What explains spectral sightings? Why do we fear the supernatural? What proof is there? Growing up in a haunted house, Roger Clarke spent much of his childhood trying to see a ghost. From the terrifying true events behind Henry James's The Turn of the Screw to the frenzy of the Cock Lane poltergeist, he takes us on a journey of belief with ghosts of every kind.
Roger Clarke is best known as a film-writer for the Independent newspaper and more recently Sight & Sound.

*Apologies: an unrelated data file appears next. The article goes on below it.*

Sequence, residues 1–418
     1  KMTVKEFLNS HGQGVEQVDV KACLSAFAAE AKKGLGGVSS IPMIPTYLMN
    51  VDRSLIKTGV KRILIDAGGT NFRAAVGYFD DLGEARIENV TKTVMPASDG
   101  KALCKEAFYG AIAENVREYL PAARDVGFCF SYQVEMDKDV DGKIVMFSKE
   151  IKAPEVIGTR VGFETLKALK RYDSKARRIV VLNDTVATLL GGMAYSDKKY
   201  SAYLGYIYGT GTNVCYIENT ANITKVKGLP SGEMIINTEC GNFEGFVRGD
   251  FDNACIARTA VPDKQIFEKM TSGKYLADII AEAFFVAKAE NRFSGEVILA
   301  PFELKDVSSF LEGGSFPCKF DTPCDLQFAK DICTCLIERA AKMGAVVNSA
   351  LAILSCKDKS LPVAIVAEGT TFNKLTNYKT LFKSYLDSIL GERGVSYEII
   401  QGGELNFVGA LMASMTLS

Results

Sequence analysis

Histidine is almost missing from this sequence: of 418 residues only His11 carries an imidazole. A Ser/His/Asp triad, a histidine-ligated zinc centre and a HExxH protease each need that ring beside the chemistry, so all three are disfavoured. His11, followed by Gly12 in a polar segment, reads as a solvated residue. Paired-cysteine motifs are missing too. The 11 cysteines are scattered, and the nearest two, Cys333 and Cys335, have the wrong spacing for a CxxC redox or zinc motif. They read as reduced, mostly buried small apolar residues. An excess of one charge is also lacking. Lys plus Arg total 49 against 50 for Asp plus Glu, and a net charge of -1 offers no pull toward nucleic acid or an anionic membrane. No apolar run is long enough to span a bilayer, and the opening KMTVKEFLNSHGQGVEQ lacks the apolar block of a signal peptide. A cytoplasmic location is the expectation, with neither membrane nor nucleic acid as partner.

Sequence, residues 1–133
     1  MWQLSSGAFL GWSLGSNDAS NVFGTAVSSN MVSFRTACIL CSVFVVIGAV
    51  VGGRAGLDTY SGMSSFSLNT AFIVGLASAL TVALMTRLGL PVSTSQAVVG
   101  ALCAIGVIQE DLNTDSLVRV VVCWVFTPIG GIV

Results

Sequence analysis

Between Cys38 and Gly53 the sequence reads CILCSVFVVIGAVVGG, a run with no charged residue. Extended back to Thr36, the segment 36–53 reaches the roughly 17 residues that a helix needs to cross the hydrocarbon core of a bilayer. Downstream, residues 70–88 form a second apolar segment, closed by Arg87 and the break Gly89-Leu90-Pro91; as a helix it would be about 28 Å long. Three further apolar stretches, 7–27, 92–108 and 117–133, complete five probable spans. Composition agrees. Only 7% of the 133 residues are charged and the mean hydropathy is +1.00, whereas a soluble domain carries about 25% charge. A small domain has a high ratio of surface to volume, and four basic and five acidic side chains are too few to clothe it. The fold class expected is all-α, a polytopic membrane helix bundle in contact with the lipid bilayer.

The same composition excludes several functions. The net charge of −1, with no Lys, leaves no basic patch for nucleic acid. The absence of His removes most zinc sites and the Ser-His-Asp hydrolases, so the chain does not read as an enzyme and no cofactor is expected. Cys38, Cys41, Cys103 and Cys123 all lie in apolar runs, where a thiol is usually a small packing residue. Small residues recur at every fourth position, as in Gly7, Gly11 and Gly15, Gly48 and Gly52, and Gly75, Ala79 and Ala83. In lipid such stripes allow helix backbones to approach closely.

He was the youngest person ever to join the Society for Psychical Research in the 1980s when you still needed to be proposed and seconded by members. He was getting his ghost stories published by the The Pan & Fontana series of horror books aged only 15, when Roald Dahl asked his agent to take him on as a client. A published poet, his libretto for The Man with the Footsoles of Wind was performed at the Almeida Theatre in London in 1993.
The Natural History of Ghosts is the book he always wanted to write.